Pulmonary hypertension is a type of high blood pressure that affects the arteries in your lungs and the right side of your heart. In one form of pulmonary hypertension, tiny arteries in your lungs, called pulmonary arterioles, and capillaries become narrowed, blocked or destroyed. This makes it harder for blood to flow through your lungs, and raises pressure within your lungs arteries. As the pressure builds, your heart's lower right chamber (right ventricle) must work harder to pump blood through your lungs, eventually causing your heart muscle to weaken and fail.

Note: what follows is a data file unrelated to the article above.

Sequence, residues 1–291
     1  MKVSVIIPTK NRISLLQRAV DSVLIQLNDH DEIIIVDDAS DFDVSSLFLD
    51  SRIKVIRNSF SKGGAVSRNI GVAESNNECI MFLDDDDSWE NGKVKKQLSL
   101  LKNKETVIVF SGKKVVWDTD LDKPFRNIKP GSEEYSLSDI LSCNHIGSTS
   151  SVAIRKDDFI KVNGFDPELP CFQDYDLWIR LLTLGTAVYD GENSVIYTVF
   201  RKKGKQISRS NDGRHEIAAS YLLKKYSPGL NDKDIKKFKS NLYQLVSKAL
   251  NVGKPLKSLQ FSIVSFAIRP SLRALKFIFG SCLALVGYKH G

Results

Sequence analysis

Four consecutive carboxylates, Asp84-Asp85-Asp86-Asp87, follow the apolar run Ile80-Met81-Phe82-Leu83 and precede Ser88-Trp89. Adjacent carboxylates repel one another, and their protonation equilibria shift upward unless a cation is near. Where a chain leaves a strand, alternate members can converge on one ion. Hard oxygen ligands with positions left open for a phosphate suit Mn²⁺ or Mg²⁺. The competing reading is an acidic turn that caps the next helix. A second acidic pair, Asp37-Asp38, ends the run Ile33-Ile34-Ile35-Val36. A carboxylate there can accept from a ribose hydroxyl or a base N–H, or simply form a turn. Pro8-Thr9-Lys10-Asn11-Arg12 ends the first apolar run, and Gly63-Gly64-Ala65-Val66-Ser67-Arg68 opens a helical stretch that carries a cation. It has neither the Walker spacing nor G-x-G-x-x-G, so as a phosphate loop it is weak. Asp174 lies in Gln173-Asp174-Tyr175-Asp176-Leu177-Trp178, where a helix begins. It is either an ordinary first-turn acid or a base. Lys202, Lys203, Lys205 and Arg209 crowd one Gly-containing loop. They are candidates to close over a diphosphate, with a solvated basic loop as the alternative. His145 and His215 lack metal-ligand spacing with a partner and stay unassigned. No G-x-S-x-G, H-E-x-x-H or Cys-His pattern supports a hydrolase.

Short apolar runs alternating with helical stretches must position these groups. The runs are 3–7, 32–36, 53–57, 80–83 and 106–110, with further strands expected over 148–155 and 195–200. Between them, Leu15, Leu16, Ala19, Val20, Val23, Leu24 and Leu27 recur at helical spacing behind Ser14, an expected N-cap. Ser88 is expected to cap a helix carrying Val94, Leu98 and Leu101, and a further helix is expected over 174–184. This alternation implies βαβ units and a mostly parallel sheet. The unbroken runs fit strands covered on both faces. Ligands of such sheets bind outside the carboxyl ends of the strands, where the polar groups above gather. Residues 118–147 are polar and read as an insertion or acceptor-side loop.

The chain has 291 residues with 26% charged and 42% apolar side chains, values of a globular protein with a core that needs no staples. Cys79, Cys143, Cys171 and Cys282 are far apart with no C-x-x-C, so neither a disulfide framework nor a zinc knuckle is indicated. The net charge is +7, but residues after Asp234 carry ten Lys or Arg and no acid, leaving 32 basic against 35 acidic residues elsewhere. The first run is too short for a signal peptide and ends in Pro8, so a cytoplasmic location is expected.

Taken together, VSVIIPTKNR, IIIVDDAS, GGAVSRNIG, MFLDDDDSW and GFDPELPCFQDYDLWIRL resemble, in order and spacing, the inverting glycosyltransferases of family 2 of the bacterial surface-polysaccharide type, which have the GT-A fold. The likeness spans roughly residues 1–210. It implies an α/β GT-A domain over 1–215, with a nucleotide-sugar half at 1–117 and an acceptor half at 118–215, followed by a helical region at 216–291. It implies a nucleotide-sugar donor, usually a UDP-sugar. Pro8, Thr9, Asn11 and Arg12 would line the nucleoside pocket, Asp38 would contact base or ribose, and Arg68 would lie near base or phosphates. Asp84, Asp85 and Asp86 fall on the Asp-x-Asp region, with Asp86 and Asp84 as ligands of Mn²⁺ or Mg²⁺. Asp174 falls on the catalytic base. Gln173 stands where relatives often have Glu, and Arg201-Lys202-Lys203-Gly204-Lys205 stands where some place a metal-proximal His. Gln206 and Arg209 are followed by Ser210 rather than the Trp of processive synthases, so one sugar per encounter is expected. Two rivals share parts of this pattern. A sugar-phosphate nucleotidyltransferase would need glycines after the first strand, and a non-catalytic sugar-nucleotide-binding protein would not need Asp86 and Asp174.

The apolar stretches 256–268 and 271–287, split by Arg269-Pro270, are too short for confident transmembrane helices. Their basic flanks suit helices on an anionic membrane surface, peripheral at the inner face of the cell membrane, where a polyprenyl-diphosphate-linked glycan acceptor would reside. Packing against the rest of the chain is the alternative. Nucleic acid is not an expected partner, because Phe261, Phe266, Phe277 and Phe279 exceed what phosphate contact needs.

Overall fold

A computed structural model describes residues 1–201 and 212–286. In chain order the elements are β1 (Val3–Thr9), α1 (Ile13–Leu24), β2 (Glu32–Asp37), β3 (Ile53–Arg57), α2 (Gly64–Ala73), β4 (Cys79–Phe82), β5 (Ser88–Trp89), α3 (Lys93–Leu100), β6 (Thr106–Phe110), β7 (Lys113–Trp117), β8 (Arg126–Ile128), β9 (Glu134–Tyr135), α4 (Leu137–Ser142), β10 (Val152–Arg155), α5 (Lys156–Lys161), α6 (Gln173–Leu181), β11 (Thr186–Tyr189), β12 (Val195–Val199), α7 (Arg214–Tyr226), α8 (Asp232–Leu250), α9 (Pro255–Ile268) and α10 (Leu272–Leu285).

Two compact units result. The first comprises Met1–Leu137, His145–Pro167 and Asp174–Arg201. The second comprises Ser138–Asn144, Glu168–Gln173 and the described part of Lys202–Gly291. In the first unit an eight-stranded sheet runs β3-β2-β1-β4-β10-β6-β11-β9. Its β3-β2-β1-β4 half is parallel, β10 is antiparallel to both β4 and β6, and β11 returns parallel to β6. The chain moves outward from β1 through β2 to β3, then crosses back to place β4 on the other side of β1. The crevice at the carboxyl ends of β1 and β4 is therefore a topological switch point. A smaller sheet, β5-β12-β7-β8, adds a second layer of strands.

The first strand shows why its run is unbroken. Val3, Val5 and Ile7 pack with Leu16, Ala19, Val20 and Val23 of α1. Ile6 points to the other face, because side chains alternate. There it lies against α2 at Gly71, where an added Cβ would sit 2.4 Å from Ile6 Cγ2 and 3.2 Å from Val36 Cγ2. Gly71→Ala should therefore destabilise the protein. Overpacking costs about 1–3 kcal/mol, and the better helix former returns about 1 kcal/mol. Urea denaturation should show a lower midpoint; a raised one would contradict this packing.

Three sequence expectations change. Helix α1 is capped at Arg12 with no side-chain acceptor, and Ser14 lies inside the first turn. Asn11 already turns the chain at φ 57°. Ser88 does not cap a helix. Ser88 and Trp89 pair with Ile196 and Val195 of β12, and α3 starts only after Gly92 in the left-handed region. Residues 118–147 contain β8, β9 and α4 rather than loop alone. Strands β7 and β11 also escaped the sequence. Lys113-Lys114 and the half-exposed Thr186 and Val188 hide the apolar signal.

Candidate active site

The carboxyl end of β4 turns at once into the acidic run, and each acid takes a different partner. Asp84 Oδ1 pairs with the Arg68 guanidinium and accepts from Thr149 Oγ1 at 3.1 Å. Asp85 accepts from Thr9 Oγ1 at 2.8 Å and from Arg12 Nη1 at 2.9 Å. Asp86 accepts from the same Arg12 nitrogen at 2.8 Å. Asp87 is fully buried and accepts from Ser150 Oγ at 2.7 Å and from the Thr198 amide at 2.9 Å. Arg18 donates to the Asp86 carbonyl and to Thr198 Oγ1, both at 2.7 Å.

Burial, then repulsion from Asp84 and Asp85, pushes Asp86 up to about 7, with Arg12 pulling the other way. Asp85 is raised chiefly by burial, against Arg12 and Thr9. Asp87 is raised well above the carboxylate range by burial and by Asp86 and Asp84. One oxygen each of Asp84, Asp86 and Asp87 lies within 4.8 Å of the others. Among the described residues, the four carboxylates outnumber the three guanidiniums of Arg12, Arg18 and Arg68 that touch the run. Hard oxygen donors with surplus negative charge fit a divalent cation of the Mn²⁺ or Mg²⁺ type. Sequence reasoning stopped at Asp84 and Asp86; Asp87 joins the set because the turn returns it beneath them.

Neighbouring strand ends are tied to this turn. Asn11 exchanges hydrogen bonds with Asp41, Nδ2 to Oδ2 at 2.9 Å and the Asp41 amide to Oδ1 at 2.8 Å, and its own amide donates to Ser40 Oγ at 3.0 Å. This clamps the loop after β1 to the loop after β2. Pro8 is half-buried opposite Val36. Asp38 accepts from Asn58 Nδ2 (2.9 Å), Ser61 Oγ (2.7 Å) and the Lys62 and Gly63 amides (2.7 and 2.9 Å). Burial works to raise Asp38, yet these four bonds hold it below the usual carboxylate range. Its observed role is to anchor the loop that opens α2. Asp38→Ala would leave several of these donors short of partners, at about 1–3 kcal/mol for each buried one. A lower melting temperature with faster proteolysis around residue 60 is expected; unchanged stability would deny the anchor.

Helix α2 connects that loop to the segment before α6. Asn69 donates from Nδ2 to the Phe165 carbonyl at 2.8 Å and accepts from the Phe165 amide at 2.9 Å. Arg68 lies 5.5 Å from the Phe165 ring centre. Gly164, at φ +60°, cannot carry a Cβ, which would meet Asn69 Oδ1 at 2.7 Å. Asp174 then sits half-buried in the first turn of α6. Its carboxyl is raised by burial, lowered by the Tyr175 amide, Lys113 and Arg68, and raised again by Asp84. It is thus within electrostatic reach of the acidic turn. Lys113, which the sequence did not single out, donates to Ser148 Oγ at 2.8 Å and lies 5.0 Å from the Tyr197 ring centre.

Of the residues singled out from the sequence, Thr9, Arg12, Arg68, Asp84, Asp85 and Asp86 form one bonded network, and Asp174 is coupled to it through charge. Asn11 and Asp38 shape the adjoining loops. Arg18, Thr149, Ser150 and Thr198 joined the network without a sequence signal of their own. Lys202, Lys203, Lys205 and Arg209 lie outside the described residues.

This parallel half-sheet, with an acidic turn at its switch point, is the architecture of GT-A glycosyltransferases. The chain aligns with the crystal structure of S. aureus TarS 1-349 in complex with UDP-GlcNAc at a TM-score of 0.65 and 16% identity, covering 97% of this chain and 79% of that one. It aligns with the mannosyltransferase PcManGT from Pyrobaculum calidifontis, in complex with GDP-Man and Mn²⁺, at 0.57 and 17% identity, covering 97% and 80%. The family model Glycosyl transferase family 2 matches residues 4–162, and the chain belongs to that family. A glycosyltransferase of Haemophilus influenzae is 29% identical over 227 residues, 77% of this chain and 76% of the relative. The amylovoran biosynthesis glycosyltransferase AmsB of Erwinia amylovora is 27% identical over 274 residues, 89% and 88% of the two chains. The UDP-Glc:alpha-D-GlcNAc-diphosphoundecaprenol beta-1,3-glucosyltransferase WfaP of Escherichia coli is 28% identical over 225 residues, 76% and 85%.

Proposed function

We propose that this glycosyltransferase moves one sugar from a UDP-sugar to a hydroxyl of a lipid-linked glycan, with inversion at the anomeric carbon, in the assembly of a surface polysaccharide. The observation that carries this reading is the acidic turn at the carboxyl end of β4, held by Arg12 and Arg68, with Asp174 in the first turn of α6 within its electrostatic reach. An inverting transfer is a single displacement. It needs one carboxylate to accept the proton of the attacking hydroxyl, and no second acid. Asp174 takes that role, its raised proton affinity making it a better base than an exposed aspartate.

Some forms of pulmonary hypertension are serious conditions that become progressively worse and are sometimes fatal. Although some forms of pulmonary hypertension aren't curable, treatment can help lessen symptoms and improve your quality of life.
The signs and symptoms of pulmonary hypertension in its early stages might not be noticeable for months or even years. As the disease progresses, symptoms become worse.
Pulmonary hypertension symptoms include:
Dizziness or fainting spells (syncope)
Chest pressure or pain
Bluish color to your lips and skin (cyanosis)
Racing pulse or heart palpitations
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